This study combines the use of feminist political ecology and a water-energy-food nexus lens to analyze gender, age and social class in women’s experiences with small-scale solar energy projects in urban and rural Arizona, USA and Zacatecas, Mexico. Unlike fossil fuels, renewable energy lends itself to more decentralized forms of production, offering an opportunity for individuals and communities (rather than corporations) to shape a more sustainable energy landscape. Understanding women’s roles and needs related to small-scale solar energy projects is essential; women remain the most important decision-makers and laborers for household and small-scale livelihood-related energy use. The study focused on the roles of women community leaders and male self-taught innovators in small-scale solar energy technology training, uptake and dissemination. It also analyzed barriers for elderly and low-income women to access solar energy. Most of the solar energy was related to water use for household chores or for irrigation of urban or rural agriculture. Some projects assisted women in meeting their household and livelihood needs in multiple ways and were part of broader household and community-level sustainability initiatives. The policy and institutional context in which the small-scale projects were inserted shaped women’s access to training and technologies. Some projects and programs missed the very populations they were intended to serve due to funding politicization. 

 

Keywords: feminist political ecology, WEF nexus, solar energy, women, Arizona, Zacatecas

Topics: Age, Class, Feminisms, Feminist Political Ecology, Gender, Women, Infrastructure, Energy, Livelihoods Regions: Americas, North America Countries: Mexico, United States of America

Year: 2020

Canada’s Feminist Foreign Policy and the SDGs: Working with Business to Address Gender Inequality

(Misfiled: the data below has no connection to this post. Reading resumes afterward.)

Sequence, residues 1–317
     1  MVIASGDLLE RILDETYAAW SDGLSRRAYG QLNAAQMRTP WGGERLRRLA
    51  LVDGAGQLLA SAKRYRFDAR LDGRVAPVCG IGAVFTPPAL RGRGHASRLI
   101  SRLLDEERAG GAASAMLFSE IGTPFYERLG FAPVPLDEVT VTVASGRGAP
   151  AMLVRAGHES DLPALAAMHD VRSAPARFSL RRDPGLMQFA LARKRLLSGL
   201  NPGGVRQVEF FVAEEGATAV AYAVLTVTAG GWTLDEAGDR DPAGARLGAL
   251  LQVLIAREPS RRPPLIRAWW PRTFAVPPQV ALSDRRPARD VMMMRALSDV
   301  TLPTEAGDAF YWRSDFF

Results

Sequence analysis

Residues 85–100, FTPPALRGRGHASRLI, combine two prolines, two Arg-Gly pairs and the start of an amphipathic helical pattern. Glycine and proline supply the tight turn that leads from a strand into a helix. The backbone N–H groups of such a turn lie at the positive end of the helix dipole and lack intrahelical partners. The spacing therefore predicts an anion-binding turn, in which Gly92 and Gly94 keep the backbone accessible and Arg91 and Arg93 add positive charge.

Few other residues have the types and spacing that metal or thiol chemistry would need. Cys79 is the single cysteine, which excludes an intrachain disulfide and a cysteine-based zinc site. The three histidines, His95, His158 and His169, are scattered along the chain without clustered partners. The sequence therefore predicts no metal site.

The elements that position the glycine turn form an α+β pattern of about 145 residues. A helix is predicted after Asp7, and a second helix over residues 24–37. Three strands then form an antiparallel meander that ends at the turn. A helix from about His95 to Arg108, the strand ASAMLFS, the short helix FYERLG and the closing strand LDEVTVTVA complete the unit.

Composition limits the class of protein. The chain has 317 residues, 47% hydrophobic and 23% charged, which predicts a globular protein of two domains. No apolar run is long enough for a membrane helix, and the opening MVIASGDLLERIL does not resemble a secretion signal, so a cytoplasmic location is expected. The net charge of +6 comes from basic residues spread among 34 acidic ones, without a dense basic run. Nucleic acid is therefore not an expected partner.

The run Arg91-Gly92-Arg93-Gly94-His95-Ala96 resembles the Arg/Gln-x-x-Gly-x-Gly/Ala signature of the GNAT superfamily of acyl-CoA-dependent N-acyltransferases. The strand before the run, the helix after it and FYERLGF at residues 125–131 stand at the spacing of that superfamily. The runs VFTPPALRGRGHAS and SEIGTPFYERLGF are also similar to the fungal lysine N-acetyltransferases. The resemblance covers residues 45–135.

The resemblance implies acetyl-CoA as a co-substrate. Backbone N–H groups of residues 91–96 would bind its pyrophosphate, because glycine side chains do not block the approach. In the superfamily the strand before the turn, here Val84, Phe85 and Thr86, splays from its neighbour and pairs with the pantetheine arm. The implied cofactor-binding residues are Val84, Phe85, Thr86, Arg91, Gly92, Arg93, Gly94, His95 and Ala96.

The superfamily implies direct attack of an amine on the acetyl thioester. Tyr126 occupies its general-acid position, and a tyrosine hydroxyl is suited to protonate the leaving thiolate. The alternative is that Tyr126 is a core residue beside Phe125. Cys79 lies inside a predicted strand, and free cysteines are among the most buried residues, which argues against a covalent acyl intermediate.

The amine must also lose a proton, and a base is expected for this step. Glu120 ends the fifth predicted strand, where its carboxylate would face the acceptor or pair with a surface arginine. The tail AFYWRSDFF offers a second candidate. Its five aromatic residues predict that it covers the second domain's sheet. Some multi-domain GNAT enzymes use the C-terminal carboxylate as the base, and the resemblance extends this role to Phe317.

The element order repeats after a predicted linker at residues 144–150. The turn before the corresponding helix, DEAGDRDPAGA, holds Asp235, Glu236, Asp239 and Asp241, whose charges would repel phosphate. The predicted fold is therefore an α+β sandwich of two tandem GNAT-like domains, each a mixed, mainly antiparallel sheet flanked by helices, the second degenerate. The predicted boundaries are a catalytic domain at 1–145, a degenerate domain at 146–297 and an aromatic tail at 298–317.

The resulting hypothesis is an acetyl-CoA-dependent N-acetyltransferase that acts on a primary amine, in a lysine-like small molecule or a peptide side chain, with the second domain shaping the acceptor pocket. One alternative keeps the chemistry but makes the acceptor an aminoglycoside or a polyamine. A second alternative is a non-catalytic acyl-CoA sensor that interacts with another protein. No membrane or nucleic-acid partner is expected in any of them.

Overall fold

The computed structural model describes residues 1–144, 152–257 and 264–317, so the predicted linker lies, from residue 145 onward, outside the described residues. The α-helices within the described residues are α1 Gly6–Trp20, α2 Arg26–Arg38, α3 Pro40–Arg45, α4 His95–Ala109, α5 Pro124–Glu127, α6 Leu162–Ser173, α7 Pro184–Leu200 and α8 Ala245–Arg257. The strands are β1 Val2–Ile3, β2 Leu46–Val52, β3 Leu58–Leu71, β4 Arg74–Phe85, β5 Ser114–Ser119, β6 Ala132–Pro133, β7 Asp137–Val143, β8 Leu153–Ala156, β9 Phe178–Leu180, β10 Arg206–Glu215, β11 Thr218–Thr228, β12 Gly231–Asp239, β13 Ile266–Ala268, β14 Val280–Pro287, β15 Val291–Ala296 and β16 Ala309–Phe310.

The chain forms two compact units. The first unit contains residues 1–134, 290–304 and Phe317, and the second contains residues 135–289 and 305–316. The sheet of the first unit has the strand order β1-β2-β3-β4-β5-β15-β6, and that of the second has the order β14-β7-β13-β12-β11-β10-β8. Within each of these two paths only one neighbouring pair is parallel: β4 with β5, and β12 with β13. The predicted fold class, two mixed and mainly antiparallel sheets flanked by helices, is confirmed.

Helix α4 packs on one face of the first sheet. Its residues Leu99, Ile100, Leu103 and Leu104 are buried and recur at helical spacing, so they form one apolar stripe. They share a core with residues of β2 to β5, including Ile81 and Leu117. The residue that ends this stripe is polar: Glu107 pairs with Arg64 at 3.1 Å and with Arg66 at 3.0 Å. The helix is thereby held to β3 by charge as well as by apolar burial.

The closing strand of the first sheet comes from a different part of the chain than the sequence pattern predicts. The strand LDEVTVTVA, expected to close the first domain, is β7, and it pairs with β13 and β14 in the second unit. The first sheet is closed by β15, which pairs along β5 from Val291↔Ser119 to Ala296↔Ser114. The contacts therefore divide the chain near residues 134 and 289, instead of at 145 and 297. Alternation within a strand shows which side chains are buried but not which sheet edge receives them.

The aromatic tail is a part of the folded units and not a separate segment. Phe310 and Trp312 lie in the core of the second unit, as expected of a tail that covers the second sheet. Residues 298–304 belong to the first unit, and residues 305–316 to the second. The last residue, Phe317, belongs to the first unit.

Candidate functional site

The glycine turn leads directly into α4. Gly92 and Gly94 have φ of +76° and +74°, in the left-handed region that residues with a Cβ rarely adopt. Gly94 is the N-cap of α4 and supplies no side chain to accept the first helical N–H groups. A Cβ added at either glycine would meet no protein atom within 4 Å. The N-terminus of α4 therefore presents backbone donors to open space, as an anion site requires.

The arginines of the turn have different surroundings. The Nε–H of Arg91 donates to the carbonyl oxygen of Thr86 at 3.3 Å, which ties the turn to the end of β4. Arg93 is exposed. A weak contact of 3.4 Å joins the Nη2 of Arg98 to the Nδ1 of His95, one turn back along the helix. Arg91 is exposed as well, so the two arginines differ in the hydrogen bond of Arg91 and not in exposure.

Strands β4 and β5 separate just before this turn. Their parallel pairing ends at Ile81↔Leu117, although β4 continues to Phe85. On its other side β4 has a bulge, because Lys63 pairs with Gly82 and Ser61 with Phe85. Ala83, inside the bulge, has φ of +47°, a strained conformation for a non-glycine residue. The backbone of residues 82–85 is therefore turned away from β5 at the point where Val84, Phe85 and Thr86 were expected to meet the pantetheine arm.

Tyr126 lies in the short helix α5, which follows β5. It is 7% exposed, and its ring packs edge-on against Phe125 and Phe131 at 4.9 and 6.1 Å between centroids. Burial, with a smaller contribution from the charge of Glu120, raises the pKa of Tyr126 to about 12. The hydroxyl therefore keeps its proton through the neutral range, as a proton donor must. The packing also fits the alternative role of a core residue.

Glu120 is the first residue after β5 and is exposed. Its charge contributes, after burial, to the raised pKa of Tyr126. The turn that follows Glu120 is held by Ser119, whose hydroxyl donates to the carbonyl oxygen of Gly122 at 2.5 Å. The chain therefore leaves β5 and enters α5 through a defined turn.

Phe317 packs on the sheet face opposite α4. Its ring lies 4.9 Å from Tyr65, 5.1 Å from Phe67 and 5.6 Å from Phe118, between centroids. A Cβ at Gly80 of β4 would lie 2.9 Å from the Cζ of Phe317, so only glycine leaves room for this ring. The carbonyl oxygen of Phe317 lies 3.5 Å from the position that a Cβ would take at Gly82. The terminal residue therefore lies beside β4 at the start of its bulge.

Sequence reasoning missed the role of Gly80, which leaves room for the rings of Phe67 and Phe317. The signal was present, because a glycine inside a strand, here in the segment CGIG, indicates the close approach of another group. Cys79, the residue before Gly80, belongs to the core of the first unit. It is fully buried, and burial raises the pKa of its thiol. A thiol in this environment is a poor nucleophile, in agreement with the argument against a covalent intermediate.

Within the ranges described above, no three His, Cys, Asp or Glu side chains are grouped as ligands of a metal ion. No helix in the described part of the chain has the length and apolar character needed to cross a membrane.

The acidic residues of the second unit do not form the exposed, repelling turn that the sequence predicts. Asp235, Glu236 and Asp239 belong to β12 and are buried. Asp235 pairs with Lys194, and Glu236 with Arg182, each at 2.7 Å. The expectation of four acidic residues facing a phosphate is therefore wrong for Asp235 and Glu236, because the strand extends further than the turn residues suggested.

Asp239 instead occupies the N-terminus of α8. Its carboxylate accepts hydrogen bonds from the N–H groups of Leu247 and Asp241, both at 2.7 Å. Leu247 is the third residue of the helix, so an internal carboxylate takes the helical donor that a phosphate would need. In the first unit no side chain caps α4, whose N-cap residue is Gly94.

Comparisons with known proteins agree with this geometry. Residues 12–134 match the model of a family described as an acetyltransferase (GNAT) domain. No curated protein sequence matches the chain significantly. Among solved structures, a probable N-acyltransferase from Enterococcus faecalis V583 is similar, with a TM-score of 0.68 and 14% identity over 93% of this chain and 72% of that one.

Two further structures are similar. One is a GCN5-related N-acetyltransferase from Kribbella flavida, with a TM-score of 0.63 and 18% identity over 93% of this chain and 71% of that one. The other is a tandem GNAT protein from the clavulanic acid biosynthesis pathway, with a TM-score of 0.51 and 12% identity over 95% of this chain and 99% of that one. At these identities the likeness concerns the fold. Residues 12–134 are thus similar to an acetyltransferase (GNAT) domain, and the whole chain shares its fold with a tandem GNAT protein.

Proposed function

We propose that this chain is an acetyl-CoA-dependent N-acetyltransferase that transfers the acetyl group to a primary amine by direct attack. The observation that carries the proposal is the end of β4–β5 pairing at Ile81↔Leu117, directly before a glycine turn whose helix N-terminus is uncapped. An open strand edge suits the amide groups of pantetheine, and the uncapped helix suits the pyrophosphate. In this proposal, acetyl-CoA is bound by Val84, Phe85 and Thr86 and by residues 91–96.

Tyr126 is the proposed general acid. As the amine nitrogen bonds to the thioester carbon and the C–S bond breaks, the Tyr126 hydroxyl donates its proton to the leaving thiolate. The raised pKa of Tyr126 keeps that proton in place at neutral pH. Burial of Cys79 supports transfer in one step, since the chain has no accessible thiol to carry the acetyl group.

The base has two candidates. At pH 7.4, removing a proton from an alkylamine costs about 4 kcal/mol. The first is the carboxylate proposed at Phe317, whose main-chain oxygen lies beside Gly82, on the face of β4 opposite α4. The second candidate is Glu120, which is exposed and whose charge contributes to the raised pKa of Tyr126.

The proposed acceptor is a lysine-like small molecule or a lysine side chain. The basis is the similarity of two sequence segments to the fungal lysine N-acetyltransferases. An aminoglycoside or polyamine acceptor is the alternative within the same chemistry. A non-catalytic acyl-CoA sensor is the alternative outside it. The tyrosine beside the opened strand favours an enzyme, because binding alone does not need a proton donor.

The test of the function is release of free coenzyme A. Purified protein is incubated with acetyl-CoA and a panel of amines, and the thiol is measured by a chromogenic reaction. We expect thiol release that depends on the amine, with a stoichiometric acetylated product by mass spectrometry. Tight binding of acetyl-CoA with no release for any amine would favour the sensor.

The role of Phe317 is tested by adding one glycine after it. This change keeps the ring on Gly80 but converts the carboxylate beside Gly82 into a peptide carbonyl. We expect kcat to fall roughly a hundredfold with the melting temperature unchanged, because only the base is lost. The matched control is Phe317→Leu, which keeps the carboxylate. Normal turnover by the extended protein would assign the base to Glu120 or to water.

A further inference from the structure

Citation:

Kilgour, Maureen A.. 2020. “Canada’s Feminist Foreign Policy and the SDGs: Working with Business to Address Gender Inequality.” In ​Struggles and Successes in the Pursuit of Sustainable Development,​ edited by Tay Keong Tan, Milenko Gudic, and Patricia M. Flynn. New York: Routledge.

Author: Maureen A. Kilgour

Abstract:

Gender equality and the empowerment of women and girls are critical elements in the achievement of the Sustainable Development Goals (SDGs). State governments, businesses and civil society have all been asked to work toward the achievement of the SDGs. Given the complexity of the current global governance regime and the overlapping interests among the various actors, collaboration and innovation are required to move toward the achievement of these goals. The Canadian government (Canada) has historically been a strong advocate for international action on gender inequality. This engagement was formalized in 2017, when the Canadian government committed to a “feminist” foreign policy. The goal of this chapter is to discuss the early successes and challenges in the implementation of a “feminist” approach to the attainment of the SDGs with a focus on Canada’s relationship with business. It examines areas of interaction between Canada’s feminist policy in support of the SDGs and business and identifies both strengths and weaknesses. A review of Canada’s SDG initiatives in support of gender equality provides insights into the ways in which governments intersect with business on sustainability issues and highlights areas of interrogation for responsible management education, especially in the area of gender equality. 

Topics: Development, Feminisms, Feminist Foreign Policy, Gender, Women, Gendered Power Relations, Gender Equality/Inequality, Sustainable Development Goals (SDGs) Regions: Americas, North America Countries: Canada

Year: 2020